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Renville County supports new watershed partnership with Chippewa, Kandiyohi counties

Chippewa, Kandiyohi and Renville counties will work together under a joint powers agreement, pending final approval by all three counties, as the Central Minnesota River Watershed Partnership on water quality in the watersheds in their boundaries that drain to the Minnesota River.

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Chippewa, Kandiyohi and Renville counties will work under a joint powers agreement, pending final approval by all three counties, on water quality issues as the Central Minnesota River Watershed Partnership. The map shows the watersheds in the state, with the area for the partnership designated on this map as the "Hawk Creek Middle Minnesota."
Contributed / Minnesota Board of Soil and Water Resources

OLIVIA — The Renville County Board of Commissioners has voiced support for resolutions to join Kandiyohi and Chippewa counties and create the Central Minnesota River Watershed Partnership to oversee water quality initiatives.

In discussions at their meeting on Feb. 15, the commissioners indicated their support for a joint powers agreement and the new entity as part of the One Watershed, One Plan initiative of the Minnesota Board of Water and Soil Resources.

The Renville County Board will act on the resolutions at the Feb. 22 meeting.

The Central Minnesota River Watershed Partnership will be eligible for some $949,000 in funding for conservation projects once the counties form the new entity.

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Chippewa, Kandiyohi and Renville Counties will work under a joint powers agreement on water quality issues as the Middle Minnesota River Watershed Partnership. The map shows the Middle Minnesota area.
Submitted

A joint powers board consisting of one county commissioner from each of the counties and one representative from the Soil and Water Conservation Districts for each county will oversee the partnership. That board will focus on water quality and conservation work in the watersheds which drain to the Minnesota River in the area north of the river from Montevideo to Little Rock Creek, which is downstream of Fort Ridgely State Park.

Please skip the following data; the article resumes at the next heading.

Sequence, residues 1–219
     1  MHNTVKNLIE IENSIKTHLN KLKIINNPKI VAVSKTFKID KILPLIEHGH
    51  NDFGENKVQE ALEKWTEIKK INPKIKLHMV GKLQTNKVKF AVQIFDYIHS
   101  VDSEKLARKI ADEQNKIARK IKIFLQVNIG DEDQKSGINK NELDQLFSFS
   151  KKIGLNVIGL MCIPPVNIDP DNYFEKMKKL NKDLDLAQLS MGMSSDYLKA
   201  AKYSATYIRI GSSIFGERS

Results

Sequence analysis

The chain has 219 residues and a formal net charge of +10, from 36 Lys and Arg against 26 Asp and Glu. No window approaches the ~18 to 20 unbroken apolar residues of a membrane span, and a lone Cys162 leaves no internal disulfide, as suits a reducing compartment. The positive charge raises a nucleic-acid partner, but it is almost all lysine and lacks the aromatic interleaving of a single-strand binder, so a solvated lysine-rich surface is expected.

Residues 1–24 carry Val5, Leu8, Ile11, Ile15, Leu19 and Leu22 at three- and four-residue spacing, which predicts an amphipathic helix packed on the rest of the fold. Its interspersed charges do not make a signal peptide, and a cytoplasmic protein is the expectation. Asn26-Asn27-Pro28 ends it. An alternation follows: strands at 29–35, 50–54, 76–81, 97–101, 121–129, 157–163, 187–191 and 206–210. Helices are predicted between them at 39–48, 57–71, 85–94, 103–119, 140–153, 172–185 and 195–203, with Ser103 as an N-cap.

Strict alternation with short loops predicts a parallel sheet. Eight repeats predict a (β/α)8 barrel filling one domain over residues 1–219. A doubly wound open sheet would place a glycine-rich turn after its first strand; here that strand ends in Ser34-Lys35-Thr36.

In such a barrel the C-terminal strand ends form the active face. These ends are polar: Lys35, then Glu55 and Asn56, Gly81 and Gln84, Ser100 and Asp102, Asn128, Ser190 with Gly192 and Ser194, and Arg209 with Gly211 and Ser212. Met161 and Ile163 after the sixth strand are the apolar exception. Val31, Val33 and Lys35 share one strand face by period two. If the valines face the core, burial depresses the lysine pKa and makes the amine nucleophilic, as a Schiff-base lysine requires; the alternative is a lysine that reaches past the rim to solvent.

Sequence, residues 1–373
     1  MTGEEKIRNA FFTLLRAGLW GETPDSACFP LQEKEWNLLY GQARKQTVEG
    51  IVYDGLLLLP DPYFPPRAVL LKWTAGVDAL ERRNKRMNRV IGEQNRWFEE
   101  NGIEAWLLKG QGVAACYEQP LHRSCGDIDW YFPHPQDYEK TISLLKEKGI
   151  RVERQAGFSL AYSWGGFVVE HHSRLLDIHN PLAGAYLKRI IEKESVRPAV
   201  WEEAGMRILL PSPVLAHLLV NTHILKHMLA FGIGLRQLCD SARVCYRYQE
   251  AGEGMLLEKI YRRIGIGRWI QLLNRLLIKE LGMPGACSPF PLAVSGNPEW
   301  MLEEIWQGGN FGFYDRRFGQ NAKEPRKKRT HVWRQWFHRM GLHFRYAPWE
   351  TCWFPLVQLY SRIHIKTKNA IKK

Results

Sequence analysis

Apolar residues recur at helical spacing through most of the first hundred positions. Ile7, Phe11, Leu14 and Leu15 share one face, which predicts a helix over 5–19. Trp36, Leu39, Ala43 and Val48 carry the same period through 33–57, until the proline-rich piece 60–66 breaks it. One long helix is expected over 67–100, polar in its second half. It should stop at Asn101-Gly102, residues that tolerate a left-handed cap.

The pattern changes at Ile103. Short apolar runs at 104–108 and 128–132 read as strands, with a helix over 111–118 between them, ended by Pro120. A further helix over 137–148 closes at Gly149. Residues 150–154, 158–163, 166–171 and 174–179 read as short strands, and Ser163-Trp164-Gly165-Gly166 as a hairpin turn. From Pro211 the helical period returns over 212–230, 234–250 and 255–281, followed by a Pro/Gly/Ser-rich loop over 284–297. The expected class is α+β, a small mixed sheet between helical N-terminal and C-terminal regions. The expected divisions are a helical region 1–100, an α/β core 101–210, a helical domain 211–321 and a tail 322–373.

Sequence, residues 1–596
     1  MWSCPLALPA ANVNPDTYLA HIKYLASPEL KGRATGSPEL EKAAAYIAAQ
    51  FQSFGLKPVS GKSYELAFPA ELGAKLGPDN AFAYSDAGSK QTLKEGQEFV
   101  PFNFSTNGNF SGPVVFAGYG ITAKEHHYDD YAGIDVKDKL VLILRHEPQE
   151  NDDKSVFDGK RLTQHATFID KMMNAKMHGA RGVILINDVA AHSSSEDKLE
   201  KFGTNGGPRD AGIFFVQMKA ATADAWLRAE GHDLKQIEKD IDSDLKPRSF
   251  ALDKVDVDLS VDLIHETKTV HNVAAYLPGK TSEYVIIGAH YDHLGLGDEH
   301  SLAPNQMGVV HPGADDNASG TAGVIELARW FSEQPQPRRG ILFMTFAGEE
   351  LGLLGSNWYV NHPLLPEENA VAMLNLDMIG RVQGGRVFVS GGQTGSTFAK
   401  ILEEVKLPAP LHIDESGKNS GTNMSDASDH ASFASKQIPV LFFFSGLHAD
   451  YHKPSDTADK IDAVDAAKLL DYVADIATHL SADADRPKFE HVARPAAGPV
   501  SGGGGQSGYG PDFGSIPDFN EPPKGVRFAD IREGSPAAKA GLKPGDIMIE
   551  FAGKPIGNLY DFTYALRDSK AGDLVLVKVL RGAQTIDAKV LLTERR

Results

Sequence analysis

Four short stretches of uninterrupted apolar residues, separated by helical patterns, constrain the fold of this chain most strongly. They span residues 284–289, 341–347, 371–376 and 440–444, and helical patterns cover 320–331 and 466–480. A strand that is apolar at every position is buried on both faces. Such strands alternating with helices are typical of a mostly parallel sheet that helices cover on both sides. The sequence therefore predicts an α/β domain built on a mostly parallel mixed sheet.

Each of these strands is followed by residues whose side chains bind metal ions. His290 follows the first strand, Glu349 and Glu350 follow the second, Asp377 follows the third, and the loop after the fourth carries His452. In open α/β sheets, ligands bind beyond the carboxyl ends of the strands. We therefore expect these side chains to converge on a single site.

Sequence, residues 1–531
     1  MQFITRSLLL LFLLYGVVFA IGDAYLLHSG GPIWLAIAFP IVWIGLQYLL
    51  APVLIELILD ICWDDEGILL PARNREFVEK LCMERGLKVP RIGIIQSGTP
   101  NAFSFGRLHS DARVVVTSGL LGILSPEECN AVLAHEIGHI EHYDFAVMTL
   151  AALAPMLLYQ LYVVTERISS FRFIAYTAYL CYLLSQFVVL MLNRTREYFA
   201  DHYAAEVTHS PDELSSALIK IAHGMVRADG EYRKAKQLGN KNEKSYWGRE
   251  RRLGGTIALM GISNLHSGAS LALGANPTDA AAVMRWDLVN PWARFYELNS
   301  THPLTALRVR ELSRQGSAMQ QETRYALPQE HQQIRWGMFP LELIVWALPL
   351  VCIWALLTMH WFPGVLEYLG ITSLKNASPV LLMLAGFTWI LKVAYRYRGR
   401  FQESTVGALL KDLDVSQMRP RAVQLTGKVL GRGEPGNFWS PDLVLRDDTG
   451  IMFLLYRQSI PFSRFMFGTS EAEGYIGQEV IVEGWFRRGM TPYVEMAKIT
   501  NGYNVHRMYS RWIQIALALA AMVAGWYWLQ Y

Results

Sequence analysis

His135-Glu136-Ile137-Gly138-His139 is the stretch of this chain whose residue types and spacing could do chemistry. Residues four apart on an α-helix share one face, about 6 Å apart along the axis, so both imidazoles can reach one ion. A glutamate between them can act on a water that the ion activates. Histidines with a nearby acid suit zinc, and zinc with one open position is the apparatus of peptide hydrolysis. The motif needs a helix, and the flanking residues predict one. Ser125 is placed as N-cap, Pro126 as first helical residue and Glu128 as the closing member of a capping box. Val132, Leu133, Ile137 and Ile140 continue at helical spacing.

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Representatives of the three counties have already approved a plan for the partnership that sets priorities for water quality and conservation work in the area. The plan prioritizes four sub-watersheds in the basin for work.

It’s expected that the greatest share of the funding will be provided to the Soil and Water Conservation Districts in the counties to implement best management practices on land in the basin. The vast majority of the land is in agricultural use.

Reducing soil erosion and improving water quality as well as efforts to hold more water on the land and slow its flow into tributaries and the Minnesota River are among the priorities for the new entity.

Tom Cherveny is a regional and outdoors reporter for the West Central Tribune.
He has been a reporter with the West Central Tribune since 1993.

Cherveny can be reached via email at tcherveny@wctrib.com or by phone at 320-214-4335.
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